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EM effects

  1. Oct 25, 2013 #1
    What effect does water have on electromagnetic waveforms?

    Does metal attract or reflect EM waveforms (specifically rf)?
     
  2. jcsd
  3. Oct 25, 2013 #2
    Attracts gravitationally.
     
  4. Oct 25, 2013 #3
    so water absorbs (Microwave spectrum), correct? Is it correct to say that water distorts or just absorbs?

    What exactly is meant by metal attracts gravitationally?
     
  5. Oct 25, 2013 #4

    ZapperZ

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    This is a bit puzzling.

    What exactly do you mean by "electromagnetic waveforms"?

    Secondly, have you heard of refraction and snell's law?

    Thirdly, metals do not attract EM waveforms. Metals and dielectrics impose boundary conditions to EM radiations.

    It would help if you provide some context to these questions, and also background info on what you can understand.

    Zz.
     
  6. Oct 25, 2013 #5
    So, what I mean is in the realm of wifi, which I always thought to be rf. Since 2.4GHz is actually in the Microwave "region" if you will, of the electromagnetic spectrum, isn't that the correct way to refer to the actual transmission medium?

    Specifically:
    What exactly do you mean by "electromagnetic waveforms"? I thought this was the correct way to refer to any freq. whether it is rf, Microwave, UHF, etc.

    Secondly, have you heard of refraction(yes, as it applies to light. Is it the same for rf/Microwaves?) and snell's law? I will research this.

    Thirdly, metals do not attract EM waveforms. Metals and dielectrics impose boundary conditions to EM radiations. So rf bounces off of metal? Why then do they use metal for antennas to receive rf?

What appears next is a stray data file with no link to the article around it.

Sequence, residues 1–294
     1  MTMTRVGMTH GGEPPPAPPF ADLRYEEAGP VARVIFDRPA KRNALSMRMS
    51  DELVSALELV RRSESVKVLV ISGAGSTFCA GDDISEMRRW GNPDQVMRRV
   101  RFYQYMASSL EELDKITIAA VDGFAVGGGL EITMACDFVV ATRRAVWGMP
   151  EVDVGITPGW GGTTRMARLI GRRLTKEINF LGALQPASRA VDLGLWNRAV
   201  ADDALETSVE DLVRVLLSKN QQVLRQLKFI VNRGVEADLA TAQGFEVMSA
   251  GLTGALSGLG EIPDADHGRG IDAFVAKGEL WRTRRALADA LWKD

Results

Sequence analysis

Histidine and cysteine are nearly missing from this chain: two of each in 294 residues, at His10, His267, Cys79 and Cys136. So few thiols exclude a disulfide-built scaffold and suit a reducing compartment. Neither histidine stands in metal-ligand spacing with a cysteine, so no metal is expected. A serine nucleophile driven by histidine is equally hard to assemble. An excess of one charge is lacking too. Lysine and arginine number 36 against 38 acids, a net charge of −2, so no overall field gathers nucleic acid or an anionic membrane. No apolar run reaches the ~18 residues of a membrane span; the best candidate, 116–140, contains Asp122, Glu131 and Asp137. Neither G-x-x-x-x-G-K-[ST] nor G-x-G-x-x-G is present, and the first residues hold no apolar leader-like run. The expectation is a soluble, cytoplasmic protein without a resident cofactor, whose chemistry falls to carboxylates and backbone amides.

7. Oct 25, 2013 #6

    ZapperZ

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    There's a lot of mixed words and terminology here.

    First of all, there is no "transmission medium".

    Secondly, a "waveform" is typically referred to the SHAPE of the wave, ie wave profile. You are referring to, if I'm guessing correctly, the electromagnetic wave/radiation.

    Thirdly, light, as in visible light, is part of the electromagnetic spectrum, which includes X-rays, microwaves, radio waves, gamma rays, infrared, etc.

    Finally, when I say metallic and dielectrics impose boundary conditions on EM radiation, there is nothing in there that automatically ruled out transmission, reflection, absorption, etc. I have no idea before what context you are asking the question, so you got a generic answer.

    If you are asking about antenna for transmission and reception, this has nothing to do with metals "attracting" EM radiation. It has more to do with metals having conduction electrons that are able to respond to external EM field or applied potential.

    Zz.
     
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